Building the frame before fitting is generally the best way. Personally I'd hang the doors to suit without old carpet/underlay and trim as needed when new covering is laid.
PS- would suggest fixing with frame fixers rather than what many do - Obo nails. Cut plugs and glue over FF holes.
 

basssound

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Build the frame square on the floor and lift into place, make sure it's on the floor and not suspended as the frame can slump.
I always counter sink the fame and use frame fixtures as you can shim behind the frame whilst knocking home the fixtures to keep the frame perfectly straight.
 

LancsRick

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Thanks both.

@Noel not quite in afraid, the frame will go to the floor but I am working out dimensions to allow a gap at the bottom of a standard height door.

@Noel and @basssound that's exactly what I'm doing, and planning to use plugs from offcuts to cover the screw heads.
 

scooby

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The ideal situation is to fit the frame so the plasterer can skim flush to the frame. In your situation, be aware if the walls either side of the frame have any twist or not consistent thickness you will need to do some filling around the architrave.

Doors come in industry standard: 2'6", 2'3", etc in width and usually 6'6" in height. I used to make my frames slightly oversized to avoid planing the door. However, on one occasion I made/fitted the frames weeks before the doors turned up. When the doors arrived, I found 2 were undersized :evil: so that took quite a bit of remedial work. I always make the frame exact size now and plane.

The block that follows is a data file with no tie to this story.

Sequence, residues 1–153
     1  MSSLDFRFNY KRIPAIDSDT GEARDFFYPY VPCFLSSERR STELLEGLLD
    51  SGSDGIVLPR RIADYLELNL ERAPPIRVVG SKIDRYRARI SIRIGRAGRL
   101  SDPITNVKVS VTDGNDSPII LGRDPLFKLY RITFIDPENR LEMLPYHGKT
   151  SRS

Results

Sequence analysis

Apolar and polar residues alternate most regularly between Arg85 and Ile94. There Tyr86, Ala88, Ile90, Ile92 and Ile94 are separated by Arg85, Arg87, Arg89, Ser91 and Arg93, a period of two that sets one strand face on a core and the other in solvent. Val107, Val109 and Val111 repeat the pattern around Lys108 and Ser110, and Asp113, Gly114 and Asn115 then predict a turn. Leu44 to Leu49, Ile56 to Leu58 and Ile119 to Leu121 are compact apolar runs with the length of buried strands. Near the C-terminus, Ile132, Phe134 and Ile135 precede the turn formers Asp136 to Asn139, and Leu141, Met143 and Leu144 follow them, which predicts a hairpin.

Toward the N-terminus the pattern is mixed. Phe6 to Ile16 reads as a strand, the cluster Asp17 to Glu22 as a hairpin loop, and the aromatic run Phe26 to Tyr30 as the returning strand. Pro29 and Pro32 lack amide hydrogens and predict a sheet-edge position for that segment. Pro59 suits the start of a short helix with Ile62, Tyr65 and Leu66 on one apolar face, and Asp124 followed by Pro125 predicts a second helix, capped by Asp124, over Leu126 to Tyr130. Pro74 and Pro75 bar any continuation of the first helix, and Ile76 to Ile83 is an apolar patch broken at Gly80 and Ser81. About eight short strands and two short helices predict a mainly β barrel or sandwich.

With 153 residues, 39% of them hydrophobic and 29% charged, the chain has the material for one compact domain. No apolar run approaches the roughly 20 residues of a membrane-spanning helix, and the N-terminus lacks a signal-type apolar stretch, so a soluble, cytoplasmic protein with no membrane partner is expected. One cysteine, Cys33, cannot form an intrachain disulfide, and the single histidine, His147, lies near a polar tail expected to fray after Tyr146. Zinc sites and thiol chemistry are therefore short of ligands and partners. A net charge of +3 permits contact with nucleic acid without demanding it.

Sight across the frame and glance up and down to compare the front edge of one frame leg and the back edge of the other frame to make sure its not twisted. Alternatively you could use the crossed string method that is used on workbench tops if you struggle visually sighting it.

I normally leave 15mm for carpet clearance, most of the time I have to go back to take a tiny amount off but i prefer that.

Recessing the hinges while is a good idea, I still finding recessing the bottom hinge in situ a pita. Especially with a dodgy knee. Re: hinge placement in case its useful for aesthetics, I was taught 7" down from the top and 9" up from the bottom. Personal choice, but 6" & 9" and 7" & 9" are pretty common and look good. Middle hinge (if needed) centred halfway between top and bottom hinges.

As for frame fixing, I still like the traditional way of twisted timber plugs into raked mortar joints and then lost head nails for softwood or screw and matching timber plug for hardwood. For me, it saves time with packers/shim but that would mess up your skimming. Also, I've screws, brown plugs (finished with a matching plug) and packers/shim with no problems.

Find yourself a good 6' ish straight edge /spirit level that is straight to make life easier.
Most of the time I have the door available so I can use the door edges as straight edges and checking for twist.
 

scooby

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basssound":2hd8fdrw said:
Build the frame square on the floor and lift into place, make sure it's on the floor and not suspended as the frame can slump.